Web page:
So I can keep driving my Lincoln Navigator around, even if I have no destination in mind? Excellent!

    • Re:Does this mean (Score:3, Informative)

      by cp99 ( 559733 )
      No. It's not that simple. This guy is trying to explain longterm period oscillations in tempertures, something that scientists don't blame on global warming.

      His data is quite interesting, however, it breaks down between 125 000 and 115 000 years ago (something which he notes in his research paper).
  • Even if this guy is right it doesn't mean we can continue to be abusive of our environment. Global Warming is just one concern we face. The link between human activity and a general degredation of the environment is quite clear. Couple that with our dependance on our environment and it is painfully evident that we can no longer afford to treat our environment with disrespect.

    Even when it comes to global warming, to assume that CO2 and greenhouse gasses in general don't have an effect is to ignore a large body of scientific evidence. (Note scientific meaning arrived at by the scientific method)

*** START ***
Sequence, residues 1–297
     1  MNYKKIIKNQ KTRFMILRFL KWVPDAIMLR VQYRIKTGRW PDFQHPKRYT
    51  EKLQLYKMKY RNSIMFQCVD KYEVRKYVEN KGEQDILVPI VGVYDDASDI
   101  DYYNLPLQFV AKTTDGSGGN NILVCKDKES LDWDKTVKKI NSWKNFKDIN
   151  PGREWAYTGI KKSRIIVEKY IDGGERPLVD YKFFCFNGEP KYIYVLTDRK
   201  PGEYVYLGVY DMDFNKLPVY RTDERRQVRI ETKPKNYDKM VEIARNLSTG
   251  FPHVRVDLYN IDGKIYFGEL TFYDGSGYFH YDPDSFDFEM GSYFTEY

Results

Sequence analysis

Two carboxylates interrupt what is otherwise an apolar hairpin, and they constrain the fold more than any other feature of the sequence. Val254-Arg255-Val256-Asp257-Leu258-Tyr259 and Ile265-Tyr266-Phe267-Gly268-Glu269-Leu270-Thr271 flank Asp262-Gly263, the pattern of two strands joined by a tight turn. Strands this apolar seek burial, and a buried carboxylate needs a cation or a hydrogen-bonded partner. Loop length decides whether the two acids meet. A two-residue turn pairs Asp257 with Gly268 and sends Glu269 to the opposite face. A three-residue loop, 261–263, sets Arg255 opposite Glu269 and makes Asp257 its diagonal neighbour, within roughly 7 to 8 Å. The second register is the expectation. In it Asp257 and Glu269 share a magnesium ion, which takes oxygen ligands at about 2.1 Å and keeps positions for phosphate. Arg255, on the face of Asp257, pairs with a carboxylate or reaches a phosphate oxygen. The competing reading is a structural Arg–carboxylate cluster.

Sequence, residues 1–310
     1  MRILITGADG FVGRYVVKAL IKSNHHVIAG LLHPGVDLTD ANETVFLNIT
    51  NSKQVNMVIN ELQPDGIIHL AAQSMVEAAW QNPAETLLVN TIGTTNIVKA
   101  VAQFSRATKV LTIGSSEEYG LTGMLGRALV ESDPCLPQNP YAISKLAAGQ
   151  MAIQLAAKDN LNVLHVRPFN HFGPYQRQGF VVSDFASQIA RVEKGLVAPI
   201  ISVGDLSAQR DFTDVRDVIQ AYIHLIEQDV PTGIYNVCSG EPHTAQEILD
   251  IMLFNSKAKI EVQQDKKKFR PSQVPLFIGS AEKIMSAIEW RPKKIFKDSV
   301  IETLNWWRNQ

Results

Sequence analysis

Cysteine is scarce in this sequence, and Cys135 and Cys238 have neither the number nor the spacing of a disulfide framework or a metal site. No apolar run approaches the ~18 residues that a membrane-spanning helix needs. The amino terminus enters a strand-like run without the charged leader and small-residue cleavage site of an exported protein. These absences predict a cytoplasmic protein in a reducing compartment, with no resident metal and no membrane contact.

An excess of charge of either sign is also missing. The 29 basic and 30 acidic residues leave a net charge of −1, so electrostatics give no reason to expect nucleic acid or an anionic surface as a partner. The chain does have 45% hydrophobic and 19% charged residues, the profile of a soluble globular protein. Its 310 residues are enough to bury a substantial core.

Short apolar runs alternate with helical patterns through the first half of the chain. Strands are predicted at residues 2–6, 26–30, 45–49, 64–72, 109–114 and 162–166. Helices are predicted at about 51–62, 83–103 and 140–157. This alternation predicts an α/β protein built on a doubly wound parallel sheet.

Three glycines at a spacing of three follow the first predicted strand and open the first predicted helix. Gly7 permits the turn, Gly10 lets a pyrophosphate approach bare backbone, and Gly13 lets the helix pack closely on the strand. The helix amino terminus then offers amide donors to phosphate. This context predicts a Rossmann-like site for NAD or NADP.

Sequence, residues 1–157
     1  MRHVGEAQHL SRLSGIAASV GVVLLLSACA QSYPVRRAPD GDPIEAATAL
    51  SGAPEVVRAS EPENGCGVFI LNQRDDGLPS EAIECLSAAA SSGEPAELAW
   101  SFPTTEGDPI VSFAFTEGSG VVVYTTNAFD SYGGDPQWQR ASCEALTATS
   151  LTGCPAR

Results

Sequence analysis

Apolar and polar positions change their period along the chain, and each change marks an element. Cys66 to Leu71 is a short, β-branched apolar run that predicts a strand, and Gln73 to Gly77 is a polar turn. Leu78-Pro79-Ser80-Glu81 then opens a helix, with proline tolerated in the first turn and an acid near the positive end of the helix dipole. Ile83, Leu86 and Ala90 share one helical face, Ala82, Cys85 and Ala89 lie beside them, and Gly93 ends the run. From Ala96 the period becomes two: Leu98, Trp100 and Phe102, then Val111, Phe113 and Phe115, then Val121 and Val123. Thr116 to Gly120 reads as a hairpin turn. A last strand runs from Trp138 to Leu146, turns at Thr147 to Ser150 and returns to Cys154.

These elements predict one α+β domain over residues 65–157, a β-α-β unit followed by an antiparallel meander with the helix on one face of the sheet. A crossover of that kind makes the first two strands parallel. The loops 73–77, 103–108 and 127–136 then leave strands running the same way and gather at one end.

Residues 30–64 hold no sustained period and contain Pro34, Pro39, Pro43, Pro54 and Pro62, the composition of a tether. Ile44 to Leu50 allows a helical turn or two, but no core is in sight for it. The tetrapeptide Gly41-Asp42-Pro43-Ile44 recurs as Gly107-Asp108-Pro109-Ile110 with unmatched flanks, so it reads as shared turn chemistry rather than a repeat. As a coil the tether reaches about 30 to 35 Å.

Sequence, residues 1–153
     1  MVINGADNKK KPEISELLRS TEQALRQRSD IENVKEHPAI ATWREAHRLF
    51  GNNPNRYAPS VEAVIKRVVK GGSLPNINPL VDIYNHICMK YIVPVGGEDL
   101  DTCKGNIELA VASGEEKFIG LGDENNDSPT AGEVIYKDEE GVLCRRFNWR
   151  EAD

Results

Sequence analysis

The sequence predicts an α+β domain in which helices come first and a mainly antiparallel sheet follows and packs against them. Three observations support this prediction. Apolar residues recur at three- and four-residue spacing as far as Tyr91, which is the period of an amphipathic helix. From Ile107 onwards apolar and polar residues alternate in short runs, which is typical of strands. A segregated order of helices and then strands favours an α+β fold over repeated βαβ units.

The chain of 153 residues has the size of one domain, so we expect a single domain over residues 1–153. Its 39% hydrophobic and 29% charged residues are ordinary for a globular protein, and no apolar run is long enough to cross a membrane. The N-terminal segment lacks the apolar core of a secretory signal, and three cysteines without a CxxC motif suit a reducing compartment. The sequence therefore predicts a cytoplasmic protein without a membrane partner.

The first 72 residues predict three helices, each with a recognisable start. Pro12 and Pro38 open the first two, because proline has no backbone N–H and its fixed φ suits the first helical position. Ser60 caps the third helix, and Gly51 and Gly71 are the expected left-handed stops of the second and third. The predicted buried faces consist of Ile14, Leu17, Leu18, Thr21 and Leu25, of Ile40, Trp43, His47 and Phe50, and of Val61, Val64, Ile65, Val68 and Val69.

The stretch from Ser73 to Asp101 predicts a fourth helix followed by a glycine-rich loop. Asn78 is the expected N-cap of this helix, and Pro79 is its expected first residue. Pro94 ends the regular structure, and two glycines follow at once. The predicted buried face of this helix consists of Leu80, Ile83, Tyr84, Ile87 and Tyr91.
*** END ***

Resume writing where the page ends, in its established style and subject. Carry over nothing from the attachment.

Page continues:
• Your assumption that we are abusing our environment has been challenged recently by Bjørn Lomborg []. He is quite the toast of the right-wing now because of his contrarian results and willingness to stand up to recieved dogma.

      I quote from the websites "about the author" frame.

      "Bjørn Lomborg, Ph.D., associate professor in statistics, Department of Political Science, University of Aarhus, Denmark, is a concerned environmentalist, a former Greenpeace member, a left-wing sympathizer who is vegetarian because he does not want to kill animals. When Lomborg started investigating the statistics behind the current gloomy view of the environment, he was genuinely surprised. As the facts clearly pointed towards an ever-improving world, he published these statistics as four lengthy articles in a leading Danish newspaper, unleashing the biggest post-war debate with more than 400 articles in all the major papers.